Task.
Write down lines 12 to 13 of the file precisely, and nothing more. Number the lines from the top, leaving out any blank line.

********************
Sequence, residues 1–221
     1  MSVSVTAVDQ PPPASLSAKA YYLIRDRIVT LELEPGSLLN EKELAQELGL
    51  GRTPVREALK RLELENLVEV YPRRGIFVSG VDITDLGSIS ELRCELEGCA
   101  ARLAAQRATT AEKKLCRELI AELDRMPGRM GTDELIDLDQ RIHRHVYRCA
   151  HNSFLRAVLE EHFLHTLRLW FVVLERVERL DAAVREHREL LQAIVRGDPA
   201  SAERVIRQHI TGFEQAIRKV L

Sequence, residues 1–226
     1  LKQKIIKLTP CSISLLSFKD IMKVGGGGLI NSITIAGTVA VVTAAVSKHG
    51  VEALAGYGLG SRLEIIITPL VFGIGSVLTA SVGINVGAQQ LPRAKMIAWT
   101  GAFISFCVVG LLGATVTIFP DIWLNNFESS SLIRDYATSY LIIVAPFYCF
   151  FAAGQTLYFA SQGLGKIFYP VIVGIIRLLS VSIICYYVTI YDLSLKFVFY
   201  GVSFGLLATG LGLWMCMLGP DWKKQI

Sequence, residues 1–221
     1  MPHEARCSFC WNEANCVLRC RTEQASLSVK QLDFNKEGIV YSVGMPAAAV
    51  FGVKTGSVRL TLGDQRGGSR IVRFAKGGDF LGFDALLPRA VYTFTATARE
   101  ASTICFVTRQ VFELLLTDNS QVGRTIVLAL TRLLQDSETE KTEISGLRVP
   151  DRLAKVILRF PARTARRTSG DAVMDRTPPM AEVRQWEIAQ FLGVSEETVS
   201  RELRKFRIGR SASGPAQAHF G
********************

   201  GVSFGLLATG LGLWMCMLGP DWKKQI

Sequence, residues 1–221